Borobudur was hidden from the world at large for much of its history. However it was brought to the attention of Sir Thomas Raffles, then British ruler of Java, in 1814.  Efforts have been made to restore and preserve the 1200 year old temple, and it retains an otherworldly atmosphere of peace and mystery. In fact, the history of Borobudur is really quite fascinating, and it was very interesting to have a Guide to share some of his knowledge.


The climb to the top is no insignificant, but it was absolutely worth the effort in the humid climate.  It was simply beautiful.



Each tier of the temple is crowned with stupa; bell-shaped stone structures containing Buddhist statues. Each Buddha is seated in the lotus position, but the hands vary slightly from area to area within the temple. The stupa give the temple an incredibly distinctive silhouette.



While we were exploring the upper levels of the temple, we were approached by a party of school girls; apparently they visit the temple looking for tourists so they can practise their English and were keen to do so on us.  We were happy to oblige, but once they had done their duty and read out the requisite English sentences on their notes of paper, they were much more interested in taking selfies with us.

It just goes to show that no matter where you are in the world, teenage girls are teenage girls.

Kisses xxx

P.S. Hopefully newly scheduled programming is now restored to Journal of Curious Things.  Although I must confess I'm definitely ready to have wifi back in my life. Only another couple of weeks to go!

Thursday, 2 March 2017

Scrapbooking with Little by Little

 
This week I'm sharing a project over on Shimelle.com, following the release of Little By Little, her new line of scrapbooking products with American Crafts.  I have been fortunate enough to work with these lovely papers and embellishments and have had so much fun putting layouts together!
 
One of the things I was most struck by was the versatility of the colour palette and designs.  The collection contains whimsical icons and themes along with beautiful florals and some brilliant neutrals which make selecting supplies really easy. Little by Little can pretty much work for any topic or theme!
 

Once again, it was an absolute treat to work with a collection from Shimelle (can I always have puffy camera stickers for everything please?) and you can find the full project shared here on Shimelle.com. It was lovely to look back and scrapbook some pictures from a Girlguiding county trip to Iceland, especially as I have two trips planned for this year with different groups.  Can't wait!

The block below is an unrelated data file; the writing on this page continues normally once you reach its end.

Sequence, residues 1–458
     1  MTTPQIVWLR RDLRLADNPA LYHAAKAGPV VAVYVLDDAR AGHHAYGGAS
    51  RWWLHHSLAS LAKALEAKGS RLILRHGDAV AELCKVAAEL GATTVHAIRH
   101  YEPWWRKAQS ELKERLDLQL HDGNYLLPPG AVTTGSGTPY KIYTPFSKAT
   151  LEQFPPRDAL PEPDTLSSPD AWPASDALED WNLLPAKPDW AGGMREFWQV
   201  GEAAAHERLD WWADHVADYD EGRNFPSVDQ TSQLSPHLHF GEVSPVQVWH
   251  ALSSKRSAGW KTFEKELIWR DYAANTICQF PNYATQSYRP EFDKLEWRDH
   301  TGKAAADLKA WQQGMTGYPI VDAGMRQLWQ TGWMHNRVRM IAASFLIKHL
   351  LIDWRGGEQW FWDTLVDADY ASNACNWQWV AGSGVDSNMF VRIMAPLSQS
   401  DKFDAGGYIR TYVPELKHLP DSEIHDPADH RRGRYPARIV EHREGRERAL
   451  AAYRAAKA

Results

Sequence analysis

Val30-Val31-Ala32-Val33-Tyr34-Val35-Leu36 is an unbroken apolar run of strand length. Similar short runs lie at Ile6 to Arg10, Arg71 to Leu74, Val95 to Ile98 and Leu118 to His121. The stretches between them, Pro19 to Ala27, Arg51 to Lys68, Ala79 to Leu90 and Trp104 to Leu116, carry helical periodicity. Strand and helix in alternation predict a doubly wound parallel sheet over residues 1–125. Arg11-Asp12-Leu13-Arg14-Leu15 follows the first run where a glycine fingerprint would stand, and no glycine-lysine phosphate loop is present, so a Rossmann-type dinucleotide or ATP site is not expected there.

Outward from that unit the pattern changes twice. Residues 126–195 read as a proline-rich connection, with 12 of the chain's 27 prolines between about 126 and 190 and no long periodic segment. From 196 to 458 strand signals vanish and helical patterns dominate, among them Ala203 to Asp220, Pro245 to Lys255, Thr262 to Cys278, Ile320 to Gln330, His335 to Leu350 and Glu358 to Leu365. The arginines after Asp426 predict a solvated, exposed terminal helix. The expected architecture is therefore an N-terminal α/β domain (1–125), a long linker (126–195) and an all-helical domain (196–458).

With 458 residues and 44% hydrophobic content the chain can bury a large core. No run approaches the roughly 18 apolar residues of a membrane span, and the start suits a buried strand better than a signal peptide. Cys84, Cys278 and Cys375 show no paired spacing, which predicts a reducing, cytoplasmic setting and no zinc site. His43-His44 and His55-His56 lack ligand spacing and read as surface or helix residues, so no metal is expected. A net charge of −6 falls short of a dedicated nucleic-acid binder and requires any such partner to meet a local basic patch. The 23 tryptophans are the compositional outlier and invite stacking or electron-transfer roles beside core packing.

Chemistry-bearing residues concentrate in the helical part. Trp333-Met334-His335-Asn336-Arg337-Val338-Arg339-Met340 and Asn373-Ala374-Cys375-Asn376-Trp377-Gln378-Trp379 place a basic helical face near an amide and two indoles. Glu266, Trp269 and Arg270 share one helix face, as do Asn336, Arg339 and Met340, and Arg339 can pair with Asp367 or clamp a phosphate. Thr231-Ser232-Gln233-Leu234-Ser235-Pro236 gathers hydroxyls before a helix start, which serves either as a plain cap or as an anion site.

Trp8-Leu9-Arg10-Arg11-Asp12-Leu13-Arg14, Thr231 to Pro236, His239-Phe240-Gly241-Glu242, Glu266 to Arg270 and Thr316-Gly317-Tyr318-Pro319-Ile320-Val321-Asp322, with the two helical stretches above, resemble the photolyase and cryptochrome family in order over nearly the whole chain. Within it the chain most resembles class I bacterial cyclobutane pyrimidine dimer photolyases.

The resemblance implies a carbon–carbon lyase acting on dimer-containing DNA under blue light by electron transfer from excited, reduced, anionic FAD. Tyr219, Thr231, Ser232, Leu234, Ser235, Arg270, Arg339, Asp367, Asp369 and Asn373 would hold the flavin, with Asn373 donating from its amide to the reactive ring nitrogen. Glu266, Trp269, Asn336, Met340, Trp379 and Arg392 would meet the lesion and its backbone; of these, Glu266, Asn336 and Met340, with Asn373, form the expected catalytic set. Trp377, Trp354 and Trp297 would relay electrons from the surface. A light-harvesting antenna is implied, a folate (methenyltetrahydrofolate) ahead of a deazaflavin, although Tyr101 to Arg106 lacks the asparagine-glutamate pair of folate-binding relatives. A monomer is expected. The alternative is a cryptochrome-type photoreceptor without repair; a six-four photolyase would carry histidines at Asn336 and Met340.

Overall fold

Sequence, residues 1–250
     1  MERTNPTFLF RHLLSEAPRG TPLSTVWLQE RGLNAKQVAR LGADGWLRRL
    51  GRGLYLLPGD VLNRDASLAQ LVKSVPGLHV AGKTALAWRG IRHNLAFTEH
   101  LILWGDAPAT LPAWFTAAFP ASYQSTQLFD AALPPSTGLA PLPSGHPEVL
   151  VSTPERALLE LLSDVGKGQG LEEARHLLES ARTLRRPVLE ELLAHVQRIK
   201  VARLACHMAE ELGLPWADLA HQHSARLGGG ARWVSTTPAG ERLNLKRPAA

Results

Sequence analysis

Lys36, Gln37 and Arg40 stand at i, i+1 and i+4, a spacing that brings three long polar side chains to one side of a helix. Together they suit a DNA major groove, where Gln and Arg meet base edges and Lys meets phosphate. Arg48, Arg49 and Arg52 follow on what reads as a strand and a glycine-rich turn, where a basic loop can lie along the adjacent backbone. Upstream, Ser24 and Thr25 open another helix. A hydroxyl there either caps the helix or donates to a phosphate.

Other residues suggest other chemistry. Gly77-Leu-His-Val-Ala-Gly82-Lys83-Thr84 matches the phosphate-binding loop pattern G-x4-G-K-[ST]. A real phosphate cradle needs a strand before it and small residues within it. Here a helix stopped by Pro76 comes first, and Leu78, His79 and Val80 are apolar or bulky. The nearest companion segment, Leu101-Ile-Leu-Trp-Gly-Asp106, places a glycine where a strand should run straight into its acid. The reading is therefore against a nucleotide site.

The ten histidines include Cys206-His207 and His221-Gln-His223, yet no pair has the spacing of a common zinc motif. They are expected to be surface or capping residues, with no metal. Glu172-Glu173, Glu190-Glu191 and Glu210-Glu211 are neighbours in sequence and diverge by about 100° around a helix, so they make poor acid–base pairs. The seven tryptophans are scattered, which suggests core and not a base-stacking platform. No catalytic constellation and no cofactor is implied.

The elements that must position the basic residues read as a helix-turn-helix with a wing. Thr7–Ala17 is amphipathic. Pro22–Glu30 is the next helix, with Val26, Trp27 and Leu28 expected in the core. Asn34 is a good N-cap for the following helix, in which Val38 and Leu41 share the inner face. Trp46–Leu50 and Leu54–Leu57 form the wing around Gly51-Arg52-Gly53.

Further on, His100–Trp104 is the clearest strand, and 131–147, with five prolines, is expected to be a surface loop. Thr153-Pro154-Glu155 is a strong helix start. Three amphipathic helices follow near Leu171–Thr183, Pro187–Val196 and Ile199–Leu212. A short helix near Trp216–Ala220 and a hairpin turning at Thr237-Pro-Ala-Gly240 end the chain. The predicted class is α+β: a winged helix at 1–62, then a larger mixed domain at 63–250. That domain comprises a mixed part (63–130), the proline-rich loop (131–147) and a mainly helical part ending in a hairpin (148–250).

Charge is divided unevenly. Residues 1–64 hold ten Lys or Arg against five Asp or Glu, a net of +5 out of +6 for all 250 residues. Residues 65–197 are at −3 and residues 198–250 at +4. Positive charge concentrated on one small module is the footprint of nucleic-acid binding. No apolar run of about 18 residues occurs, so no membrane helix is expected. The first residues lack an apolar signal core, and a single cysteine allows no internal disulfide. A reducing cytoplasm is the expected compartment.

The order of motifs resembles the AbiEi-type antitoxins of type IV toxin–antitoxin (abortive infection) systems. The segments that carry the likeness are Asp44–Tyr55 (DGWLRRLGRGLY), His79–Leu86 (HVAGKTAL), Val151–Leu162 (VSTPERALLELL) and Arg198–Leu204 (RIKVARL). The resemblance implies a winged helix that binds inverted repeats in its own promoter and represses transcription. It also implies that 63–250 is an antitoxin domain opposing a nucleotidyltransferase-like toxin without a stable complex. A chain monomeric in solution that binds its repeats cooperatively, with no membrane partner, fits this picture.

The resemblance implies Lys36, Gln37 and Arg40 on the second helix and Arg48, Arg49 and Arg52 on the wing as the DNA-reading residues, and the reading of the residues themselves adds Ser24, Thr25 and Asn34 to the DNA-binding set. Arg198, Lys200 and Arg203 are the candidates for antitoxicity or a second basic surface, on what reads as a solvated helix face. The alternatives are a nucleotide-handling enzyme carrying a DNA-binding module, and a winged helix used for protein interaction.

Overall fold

Kisses xxx
 
P.S. Seriously.  I want puffy cameras with EVERYTHING.

Tuesday, 28 February 2017

Finding Finland, Chasing Auroras

 
At half term, I set out on an adventure to fulfil a life ambition. Woolly fleece-lined hat packed? Check.

Passport: check.
 
I hit the airport and had an enormous meal of arancini, pasta and enough garlic bread to feed a small family. Check. Because flight sustenance is important for any flight that could last almost three hours.
 
The plane was quite empty and I somehow ended up on the exit row with extra leg room all to myself. Cool. With an enjoyable murder mystery loaded onto my Kindle, I prepared to head into the heart of Scandi, beginning with a hop to Helsinki for a glamorous night in the airport hotel. But from there, I would be heading to the far North of Finland into the arctic circle in search of the Northern Lights. Are they out there? Would I see them?
 
Cloudy weather was forecast...
 
The next day, I was up at seven (local time, so 5:00am really, ouch) and headed for breakfast. Finnish breakfast seems to include meatballs (score!) and herby beans. Whether that's traditional in Finland or just a mish-mash of hotel airport canteen breakfast fare remains to be seen.
 
Full, I headed for my flight which was going from Helsinki via Kittila.
 
Given that this flight took place in daylight, I could see the snowy ground drop away (hello window seat!) and I'm pretty sure that Finland is Narnia. Seriously. There are snowy trees and everything. I watched the soft blankety earth drop away until we flew into clouds.
 
The flight was busy for the first leg, but emptied out at Kittila and only a few of us rode the final half hour up to Ivalo. It was a dinky airport, no one wanted to look at my passport and so I collected my bag and approached a chap who looked like he might be my ride.
 
He was; we slung my bag in the back of his truck and he let me ride up front as I was the only person he was collecting, so I could see the views. He entertained me with local facts and knowledge, and I could tell he was a good sort as he phoned the lodge to make sure they saved me some lunch. BOOM!